A Night at the Races Can Be Fun for the Kids Too
It’s a carnival atmosphere at the Meadows’ night races.
photo by chris gooden
Taking the family to the racetrack is, admittedly, not typically an all-ages suggestion. At the Meadows Racetrack & Casino in Washington County, however, the periodic night races resemble a county fair more than the Kentucky Derby — and kids are more than welcome.
The vast majority of races at the Meadows are set at a traditional, mid-afternoon post time. On just a handful of evenings throughout the year, however, the races kick off at 5:30. That short list includes most Friday evenings during the summer, including this month on Aug. 24. (Two holiday night races are scheduled, one on Dec. 21 and a adult-focused New Year’s celebration on Dec. 31.)
“We race 190 days per year, so offering a fun, festival atmosphere on Friday nights … brings special energy to the property,” says Roxann Kinkade, director of public relations for the Meadows’ parent company, Pinnacle Entertainment.
That atmosphere has included offerings for kids: food, face painting, bounce houses. Unlike many casinos, where anyone under 21 is barred from the full property, at the Meadows, that restriction only applies to the casino floor. As long as kids are accompanied by an adult, the rest of the facility — including the racetrack and grandstand — is open to them. There’s also a bowling alley near the grandstand, if kids grow weary of waiting for the next race, and a food court with kid-friendly fare. (Specific activities for Aug. 24 were not set as of press time.)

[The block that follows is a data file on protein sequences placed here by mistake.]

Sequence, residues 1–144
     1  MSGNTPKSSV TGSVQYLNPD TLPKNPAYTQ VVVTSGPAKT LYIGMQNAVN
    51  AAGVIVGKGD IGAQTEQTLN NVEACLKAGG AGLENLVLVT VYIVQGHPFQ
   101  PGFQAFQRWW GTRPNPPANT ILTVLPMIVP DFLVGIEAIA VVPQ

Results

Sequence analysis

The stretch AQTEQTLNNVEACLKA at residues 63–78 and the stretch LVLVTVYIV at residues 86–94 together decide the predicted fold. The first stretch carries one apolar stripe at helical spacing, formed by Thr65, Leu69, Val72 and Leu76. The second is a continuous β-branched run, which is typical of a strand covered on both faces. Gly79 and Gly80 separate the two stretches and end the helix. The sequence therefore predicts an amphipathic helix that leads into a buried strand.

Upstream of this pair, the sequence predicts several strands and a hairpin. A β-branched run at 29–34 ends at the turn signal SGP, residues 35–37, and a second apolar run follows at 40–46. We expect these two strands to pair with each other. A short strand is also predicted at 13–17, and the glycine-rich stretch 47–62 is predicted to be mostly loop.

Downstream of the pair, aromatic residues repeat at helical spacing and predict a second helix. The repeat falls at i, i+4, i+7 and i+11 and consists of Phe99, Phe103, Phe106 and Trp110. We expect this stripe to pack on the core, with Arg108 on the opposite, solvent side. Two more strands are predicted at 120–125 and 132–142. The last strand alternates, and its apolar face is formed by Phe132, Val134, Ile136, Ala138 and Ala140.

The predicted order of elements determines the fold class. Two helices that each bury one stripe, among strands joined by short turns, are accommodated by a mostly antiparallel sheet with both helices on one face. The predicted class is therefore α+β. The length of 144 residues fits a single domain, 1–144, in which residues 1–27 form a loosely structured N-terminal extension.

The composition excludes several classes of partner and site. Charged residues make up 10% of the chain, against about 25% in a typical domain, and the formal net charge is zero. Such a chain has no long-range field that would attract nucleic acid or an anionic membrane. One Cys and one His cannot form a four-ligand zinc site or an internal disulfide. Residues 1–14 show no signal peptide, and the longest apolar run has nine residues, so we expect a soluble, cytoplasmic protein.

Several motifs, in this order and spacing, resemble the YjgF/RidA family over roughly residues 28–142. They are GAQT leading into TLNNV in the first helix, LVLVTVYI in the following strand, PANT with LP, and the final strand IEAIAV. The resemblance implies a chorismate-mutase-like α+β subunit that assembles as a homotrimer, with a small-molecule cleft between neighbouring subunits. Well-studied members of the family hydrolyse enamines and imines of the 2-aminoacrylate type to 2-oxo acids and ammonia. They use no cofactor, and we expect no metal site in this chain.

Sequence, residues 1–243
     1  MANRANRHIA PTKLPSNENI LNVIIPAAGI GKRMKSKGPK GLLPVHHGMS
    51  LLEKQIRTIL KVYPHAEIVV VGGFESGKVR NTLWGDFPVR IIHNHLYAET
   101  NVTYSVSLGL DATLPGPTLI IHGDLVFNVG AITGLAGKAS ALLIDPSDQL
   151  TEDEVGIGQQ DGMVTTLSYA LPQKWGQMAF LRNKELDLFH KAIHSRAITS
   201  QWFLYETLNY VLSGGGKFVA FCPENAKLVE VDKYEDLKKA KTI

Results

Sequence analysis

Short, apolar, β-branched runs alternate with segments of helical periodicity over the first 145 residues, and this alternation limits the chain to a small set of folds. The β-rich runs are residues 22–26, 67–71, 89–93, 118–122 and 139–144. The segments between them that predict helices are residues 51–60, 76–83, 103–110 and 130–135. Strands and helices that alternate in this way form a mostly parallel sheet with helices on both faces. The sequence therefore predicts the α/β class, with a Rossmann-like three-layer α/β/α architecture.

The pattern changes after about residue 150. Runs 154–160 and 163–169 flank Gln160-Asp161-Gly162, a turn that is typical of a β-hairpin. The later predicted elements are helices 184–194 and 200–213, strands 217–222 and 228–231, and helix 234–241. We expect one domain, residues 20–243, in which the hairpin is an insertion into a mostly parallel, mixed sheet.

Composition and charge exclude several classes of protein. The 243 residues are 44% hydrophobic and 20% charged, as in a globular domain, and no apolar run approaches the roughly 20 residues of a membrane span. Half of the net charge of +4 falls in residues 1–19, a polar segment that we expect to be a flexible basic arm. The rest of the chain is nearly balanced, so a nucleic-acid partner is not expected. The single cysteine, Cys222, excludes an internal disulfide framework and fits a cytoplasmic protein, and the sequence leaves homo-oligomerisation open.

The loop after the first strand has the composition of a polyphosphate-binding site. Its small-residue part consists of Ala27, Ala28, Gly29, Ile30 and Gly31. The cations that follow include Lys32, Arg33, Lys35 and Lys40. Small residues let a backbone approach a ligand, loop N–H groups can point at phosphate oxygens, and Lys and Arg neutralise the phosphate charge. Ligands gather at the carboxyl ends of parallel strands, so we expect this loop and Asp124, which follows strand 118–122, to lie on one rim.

“We hear repeatedly from our guests that enjoying a day or evening at the races has become a family tradition,” Kinkade says. “Many of our guests came here with their families as children and have returned with their [own] children and grandchildren.”
On a bright evening, the night races feel like a true event; while the average weekday afternoon at any track can seem a bit quiet, wandering through the apron (the area between the grandstand and the track) on a racing night is more carnival than casino.
Of course, the thrill of betting on the races (for the adults, anyway) doesn’t hurt. As an occasional and always uninformed gambler, I can personally attest that it’s easy to get caught up in the experience without going broke (or necessarily winning): Make small bets on horses for arbitrary reasons, put $2 on the trifecta just in case, and don’t get too invested in the result.
Oh, and perhaps most vitally: It’s free. Aside from whatever you drop on food or bets, attending races and their accompanying festivities is free (as is the parking).
The days following the August night races feature another special event at Meadows — one decidedly not for the whole family, but no less alluring. The annual Corks and Kegs Festival, set for Aug. 25 to 26, features tastings from local and regional breweries as well as national microbreweries, in addition to winemakers, moonshine and rum distilleries and more; admittance is free (you’ll pay by the sample). The late-summer festival takes place on and around the racetrack, where the drinks will be accompanied by 18 food trucks and live music (including ’70s hitmakers The Jaggerz, of “The Rapper” fame).